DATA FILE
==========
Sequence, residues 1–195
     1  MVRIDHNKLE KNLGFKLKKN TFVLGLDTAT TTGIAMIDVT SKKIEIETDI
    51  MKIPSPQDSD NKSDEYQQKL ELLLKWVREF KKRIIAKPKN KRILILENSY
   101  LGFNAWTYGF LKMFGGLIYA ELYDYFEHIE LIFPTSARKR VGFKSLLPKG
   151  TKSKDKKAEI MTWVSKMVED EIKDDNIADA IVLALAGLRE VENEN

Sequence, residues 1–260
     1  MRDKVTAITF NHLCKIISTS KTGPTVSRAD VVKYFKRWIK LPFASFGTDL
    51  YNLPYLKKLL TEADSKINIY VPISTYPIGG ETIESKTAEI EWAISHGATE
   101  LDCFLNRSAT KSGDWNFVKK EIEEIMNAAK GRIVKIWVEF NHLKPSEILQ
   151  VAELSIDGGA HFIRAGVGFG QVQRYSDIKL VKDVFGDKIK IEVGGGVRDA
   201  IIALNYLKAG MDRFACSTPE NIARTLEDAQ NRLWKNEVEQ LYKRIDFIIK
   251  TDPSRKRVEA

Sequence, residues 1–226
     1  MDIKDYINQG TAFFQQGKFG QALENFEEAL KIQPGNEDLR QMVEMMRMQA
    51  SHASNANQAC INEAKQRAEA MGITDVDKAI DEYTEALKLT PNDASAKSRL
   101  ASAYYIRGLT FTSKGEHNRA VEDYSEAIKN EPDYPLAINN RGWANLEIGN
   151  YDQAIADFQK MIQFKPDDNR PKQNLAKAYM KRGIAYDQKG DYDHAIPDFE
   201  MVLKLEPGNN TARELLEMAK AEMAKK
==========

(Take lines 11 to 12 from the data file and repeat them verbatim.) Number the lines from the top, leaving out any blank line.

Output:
   201  IIALNYLKAG MDRFACSTPE NIARTLEDAQ NRLWKNEVEQ LYKRIDFIIK
   251  TDPSRKRVEA